It all starts with an aquaticfood web
Every ecosystem has a food chain – a network of species that rely on each other to maintain a delicate natural balance. Lake Michigan is no exception.
A food web is made up of layers of four energy levels: Top Consumers, Primary Consumers, Secondary Consumers, and Primary Producers and Decomposers. Here are some of the cast of characters who fill these roles in Lake Michigan:
Piscivorous fish are large predator fish like salmon, trout, burbot, and walleye that eat other smaller fish.
Planktivorous fish eat plankton and are eaten by predator fish. They are also called prey species or forage fish.
Primary consumers are tiny organisms such as zooplankton and macroinvertebrates that live in the water column or in the sediments at the bottom of the lake and feed on primary producers.
Primary Producers + Decomposers
Primary producers are tiny plants that live in the water column and convert sunlight and nutrients into biomass. Decomposers are tiny animals that feed on detritus and release nutrients for producers to use. Producers and decomposers are the foundation of the food chain.
History of a Changing Ecosystem
Food webs are a delicate balance. One little change can throw the whole system into disarray, Lake Michigan's food web has changed significantly in the last 200 years, all because of a few invasive species with monumental impact.
The little change that started it all was the introduction of two non-native species, the sea lamprey and the alewife into the Great Lakes. By the 1950s, sea lamprey had decimated the native lake trout population. Another non-native species, the alewife, had been kept in check by the lake trout predation. Absent a predator, the alewife population exploded and then crashed, causing massive, stinking die-offs along beaches.
Great Lakes fisheries managers were on the lookout for a new predator to help help keep alewife populations in check. During the 1960s, they started stocking the lakes with Chinook and Coho salmon. This was a spectacular success, for a time. Not only did the salmon help balance the ecosystem in the lower Great Lakes, but it also created a multi-billion dollar sport fishery.
But more changes were in store. During the late 1980s, invasive Zebra and Quagga mussels arrived in the lakes via ballast water discharge from ocean-going lake freighters. The mussels consume much of the primary production in the lake ecosystems, leaving less for higher levels of the food web. Now, prey species are declining and so, too, are the salmon that depend on them.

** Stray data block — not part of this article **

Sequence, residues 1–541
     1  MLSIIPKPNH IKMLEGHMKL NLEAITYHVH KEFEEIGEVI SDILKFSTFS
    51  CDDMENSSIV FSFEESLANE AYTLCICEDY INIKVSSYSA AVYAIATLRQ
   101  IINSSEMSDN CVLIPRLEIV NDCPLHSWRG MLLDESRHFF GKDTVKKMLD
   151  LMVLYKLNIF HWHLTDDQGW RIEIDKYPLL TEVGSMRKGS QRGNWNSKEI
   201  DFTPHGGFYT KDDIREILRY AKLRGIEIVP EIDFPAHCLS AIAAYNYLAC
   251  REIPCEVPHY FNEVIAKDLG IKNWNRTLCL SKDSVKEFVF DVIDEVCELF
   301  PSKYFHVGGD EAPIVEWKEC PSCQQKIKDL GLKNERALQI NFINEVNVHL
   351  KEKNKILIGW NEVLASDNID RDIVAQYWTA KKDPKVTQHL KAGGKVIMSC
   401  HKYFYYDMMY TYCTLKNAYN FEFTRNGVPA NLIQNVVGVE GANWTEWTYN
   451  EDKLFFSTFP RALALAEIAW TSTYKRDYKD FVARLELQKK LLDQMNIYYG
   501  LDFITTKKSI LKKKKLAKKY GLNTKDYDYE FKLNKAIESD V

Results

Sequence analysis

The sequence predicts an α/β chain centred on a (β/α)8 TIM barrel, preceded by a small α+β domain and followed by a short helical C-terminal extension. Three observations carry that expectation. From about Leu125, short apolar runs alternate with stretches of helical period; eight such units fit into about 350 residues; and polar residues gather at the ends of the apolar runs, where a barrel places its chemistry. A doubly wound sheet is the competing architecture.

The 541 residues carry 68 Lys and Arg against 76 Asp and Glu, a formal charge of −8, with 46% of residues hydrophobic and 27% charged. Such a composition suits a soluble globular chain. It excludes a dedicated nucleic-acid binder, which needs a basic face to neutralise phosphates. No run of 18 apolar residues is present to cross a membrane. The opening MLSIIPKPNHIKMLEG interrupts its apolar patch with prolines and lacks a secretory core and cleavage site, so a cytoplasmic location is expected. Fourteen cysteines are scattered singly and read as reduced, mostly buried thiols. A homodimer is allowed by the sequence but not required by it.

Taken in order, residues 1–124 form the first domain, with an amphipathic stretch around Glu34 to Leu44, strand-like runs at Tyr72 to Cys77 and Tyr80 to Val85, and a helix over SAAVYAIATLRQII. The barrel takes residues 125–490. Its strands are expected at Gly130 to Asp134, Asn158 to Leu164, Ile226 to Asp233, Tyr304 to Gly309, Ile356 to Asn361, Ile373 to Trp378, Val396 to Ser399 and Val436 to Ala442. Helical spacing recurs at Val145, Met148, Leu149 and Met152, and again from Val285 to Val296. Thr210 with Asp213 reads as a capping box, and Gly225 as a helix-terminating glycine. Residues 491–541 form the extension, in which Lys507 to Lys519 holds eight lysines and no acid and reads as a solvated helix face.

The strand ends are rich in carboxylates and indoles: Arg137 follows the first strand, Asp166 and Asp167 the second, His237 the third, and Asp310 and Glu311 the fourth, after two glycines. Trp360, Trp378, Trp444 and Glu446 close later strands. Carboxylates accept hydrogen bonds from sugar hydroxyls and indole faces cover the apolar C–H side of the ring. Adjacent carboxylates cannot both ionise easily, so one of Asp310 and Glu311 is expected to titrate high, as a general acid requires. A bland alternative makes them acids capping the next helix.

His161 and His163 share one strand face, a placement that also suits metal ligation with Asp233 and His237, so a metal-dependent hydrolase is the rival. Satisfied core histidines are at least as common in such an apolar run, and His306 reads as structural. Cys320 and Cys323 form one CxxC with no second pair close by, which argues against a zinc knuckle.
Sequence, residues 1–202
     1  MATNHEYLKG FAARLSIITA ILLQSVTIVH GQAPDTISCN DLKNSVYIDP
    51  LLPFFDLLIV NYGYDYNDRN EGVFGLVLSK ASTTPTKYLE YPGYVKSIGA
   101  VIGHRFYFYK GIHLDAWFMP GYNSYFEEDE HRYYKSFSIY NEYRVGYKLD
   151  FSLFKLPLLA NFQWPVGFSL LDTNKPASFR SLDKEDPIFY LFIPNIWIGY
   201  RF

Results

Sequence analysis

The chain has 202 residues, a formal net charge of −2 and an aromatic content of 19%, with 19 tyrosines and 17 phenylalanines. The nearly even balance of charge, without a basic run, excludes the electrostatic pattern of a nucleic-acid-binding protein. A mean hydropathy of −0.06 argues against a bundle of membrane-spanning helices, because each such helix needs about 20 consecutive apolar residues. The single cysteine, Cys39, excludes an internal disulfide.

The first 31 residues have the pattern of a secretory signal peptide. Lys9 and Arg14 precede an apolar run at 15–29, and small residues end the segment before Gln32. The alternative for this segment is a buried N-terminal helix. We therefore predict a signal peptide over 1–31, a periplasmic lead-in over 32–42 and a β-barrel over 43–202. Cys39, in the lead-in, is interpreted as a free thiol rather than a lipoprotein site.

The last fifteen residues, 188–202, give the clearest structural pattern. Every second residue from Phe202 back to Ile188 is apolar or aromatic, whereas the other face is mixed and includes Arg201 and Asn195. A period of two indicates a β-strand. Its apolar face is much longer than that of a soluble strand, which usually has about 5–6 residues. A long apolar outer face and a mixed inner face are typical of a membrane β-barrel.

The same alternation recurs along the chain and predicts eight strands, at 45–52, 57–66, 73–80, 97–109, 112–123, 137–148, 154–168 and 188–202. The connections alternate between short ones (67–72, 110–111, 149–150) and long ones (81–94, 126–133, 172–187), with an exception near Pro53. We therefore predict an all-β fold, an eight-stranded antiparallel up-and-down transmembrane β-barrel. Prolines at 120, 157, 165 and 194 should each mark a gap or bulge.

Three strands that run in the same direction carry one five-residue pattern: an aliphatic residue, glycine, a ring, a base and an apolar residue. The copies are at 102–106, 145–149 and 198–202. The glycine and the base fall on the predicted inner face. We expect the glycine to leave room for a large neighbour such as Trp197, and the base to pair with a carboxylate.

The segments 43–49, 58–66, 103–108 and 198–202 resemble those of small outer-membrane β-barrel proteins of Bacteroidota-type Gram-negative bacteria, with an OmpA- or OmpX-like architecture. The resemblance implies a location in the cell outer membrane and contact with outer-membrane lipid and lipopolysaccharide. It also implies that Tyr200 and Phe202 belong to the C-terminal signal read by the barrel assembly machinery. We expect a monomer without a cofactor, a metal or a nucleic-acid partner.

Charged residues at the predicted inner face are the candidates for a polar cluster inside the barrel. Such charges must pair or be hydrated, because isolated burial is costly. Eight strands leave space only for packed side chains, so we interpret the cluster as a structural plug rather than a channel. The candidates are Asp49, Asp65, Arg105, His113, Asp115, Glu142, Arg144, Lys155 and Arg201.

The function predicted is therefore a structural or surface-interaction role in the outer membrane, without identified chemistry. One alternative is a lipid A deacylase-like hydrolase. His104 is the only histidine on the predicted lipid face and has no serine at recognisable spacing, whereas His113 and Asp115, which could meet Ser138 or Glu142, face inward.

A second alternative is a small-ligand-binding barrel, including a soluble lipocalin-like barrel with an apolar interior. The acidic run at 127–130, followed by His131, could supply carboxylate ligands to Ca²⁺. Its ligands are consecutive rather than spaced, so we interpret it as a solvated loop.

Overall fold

Native Great Lakes peoples fished the Great Lakes from canoes or ice with spears and hooks made of bone, antler and copper. They fished plentiful stocks of native lake sturgeon, northern pike, and suckers.
The Welland Canal connecting Lake Ontario to Lake Erie allows ship traffic to bypass Niagara Falls and access the upper Great Lakes.
Alewives and sea lamprey enter Lake Erie from Lake Ontario via the Welland Canal. Sea lamprey are parasitic, jawless fish that feeds by attaching themselves to their victims. Alewives are small prey fish.
Commercial and charter fishing expand in the Great Lakes.
Native fisheries decline from overfishing. Ciscoes (lake herring and chubs), lake trout, and whitefish populations plummet.
Sea lamprey discovered in Lake Michigan
By the 1950s, sea lamprey decimated the native lake trout population. This caused the alewife population to explode in the absence of a predator.
During the 1960s, Chinook and Coho salmon were introduced into the lake to control the alewives. The experiment was a success, and the result was a multi-billion dollar sport salmon fishery that lasted into the first decade of the 21st century.
Zebra mussels discovered in Lake St. Clair.
Quagga mussel discovered in Lake Erie.
The Round goby discovered in St Clair River.
Since 2002, salmon and alewife populations in Lake Huron have collapsed, and in Lake Michigan, they are on the decline. The main culprit? Another invasive species; this time a primary consumer. The Quagga mussel.
The Zebra and Quagga mussels are efficient filter feeders and consume much of the primary production in the lakes. This leaves little over for prey species and the predators who depend on them. In 2004, alewife and salmon populations collapsed in Lake Huron.
Native lake trout and whitefish have learned to feed on yet another invasive species, the round goby. Chinook salmon, however, have not made the switch. The result is rising populations of native lake trout, cisco and non-native steelhead as Chinook populations decline.
Chinook salmon population in Lake Michigan begins decline.
Great Lakes states consider reduction of Chinook stocking.
Great Lakes Salmon Sport Fishery
Salmon populations decline
Prey Populations at Historic Lows
The biomass of prey species preferred by salmon is at an historic low in Lake Michigan. Fish have less to eat… and what they eat has less to eat. The end result is less salmon.
Changes in Lake Michigan
As the density of quagga mussels has increased in Lake Michigan, the density of the zooplankton Diporeia has declined. This means less to eat for prey species that some top predators like Chinook salmon depend upon.
Slide down the timeline to see changing mussel and plankton density in Lake Michigan
Great Lakes Salmon Sport Fishery
Total Economic Impacts: 1990-2009
Proposed Stocking Plans
The current proposal calls for a 25 percent reduction in Chinook salmon stocking across the Great Lakes. The goals are to preserve some fishing opportunities without allowing the prey species to collapse. These efforts are coordinated with fisheries agencies in the other Great Lakes states.